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  1. Collateral Paternalism and Liberal Critiques of Public Health Policy: Diminishing Theoretical Demandingness and Accommodating the Devil in the Detail.John Coggon & A. M. Viens - 2020 - Health Care Analysis 28 (4):372-381.
    Critical literatures, and public discourses, on public health policies and practices often present fixated concerns with paternalism. In this paper, rather than focus on the question of whether and why intended instances of paternalistic policy might be justified, we look to the wider, real-world socio-political contexts against which normative evaluations of public health must take place. We explain how evaluative critiques of public health policy and practice must be sensitive to the nuance and complexity of policy contexts. This includes sensitivity (...)
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  • Democracy, Law and Relationships of Domination—A Response to ‘Can Republicanism Tame Public Health?’.Paul Scott - 2016 - Public Health Ethics 9 (2):134-135.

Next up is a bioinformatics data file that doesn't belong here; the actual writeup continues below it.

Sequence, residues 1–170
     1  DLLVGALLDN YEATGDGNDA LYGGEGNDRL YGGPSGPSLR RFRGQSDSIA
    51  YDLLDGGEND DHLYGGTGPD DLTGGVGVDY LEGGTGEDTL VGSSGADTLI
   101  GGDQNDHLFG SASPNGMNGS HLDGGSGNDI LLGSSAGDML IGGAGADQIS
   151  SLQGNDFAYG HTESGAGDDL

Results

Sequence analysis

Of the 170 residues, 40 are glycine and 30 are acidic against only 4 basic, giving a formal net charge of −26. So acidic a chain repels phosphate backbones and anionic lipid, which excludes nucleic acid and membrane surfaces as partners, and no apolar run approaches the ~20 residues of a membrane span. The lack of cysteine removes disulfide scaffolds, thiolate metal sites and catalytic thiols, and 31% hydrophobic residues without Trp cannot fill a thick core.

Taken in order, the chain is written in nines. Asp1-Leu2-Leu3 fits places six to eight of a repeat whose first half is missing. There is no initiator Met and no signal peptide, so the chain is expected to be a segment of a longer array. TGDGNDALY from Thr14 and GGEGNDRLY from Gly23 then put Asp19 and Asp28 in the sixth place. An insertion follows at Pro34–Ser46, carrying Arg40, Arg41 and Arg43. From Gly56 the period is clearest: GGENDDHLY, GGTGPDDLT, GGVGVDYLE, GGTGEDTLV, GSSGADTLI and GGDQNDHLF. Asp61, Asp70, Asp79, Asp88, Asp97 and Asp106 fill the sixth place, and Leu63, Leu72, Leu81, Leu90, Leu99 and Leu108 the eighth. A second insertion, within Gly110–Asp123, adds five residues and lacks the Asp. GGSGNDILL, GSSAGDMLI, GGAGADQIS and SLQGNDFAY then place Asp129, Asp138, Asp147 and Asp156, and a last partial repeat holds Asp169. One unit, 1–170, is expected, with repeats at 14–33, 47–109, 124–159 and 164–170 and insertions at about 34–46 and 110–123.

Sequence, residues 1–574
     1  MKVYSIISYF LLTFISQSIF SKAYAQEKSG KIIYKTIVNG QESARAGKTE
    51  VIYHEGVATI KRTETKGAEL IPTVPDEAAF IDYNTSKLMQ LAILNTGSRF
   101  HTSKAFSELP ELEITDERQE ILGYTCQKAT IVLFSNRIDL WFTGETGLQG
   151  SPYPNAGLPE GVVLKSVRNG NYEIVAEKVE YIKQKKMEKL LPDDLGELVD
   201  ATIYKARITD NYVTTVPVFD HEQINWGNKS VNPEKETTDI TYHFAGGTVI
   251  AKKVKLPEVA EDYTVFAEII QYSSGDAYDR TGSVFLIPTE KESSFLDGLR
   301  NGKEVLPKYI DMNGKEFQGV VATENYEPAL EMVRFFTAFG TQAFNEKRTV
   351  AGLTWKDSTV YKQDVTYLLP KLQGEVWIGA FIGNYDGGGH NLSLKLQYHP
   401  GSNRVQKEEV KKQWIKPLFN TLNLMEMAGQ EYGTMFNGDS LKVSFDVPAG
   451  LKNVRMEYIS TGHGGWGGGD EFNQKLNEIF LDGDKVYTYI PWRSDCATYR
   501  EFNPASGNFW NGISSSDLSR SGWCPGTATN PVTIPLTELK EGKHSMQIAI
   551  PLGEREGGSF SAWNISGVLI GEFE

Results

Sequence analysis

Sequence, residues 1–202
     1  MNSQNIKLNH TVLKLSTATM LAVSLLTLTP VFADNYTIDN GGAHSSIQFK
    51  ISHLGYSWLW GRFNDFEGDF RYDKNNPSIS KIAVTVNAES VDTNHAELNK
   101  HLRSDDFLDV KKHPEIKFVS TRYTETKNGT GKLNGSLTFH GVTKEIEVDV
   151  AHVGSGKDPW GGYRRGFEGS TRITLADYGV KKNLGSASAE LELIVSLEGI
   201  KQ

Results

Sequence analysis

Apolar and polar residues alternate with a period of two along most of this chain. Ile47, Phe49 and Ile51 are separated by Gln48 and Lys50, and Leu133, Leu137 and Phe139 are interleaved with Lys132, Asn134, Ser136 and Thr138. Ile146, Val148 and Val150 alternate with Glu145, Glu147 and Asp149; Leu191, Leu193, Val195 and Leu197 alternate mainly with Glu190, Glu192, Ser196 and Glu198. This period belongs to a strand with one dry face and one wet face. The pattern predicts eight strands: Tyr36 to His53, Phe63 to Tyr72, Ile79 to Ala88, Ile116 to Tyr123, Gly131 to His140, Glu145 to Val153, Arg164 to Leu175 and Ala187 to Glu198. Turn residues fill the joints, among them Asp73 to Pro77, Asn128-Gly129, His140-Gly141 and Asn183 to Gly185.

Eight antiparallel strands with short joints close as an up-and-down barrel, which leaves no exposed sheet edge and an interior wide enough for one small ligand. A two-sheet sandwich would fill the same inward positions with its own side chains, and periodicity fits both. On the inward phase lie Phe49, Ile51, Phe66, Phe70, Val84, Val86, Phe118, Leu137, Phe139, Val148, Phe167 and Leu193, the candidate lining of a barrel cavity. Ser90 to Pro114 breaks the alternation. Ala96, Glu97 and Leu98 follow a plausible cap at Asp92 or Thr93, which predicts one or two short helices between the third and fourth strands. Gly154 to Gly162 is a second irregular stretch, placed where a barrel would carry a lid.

This brief comment responds to some of the issues raised by Daniel Weinstock’s paper on the application of the republican ideal to public health. It considers the application outside of that specific context of both the problem Weinstock identifies and the solution he proposes. It queries, with reference to the different sorts of relationships of domination which exist, whether a republican approach to public health might not be better to seek to begin from private relationships of domination and to define (...)
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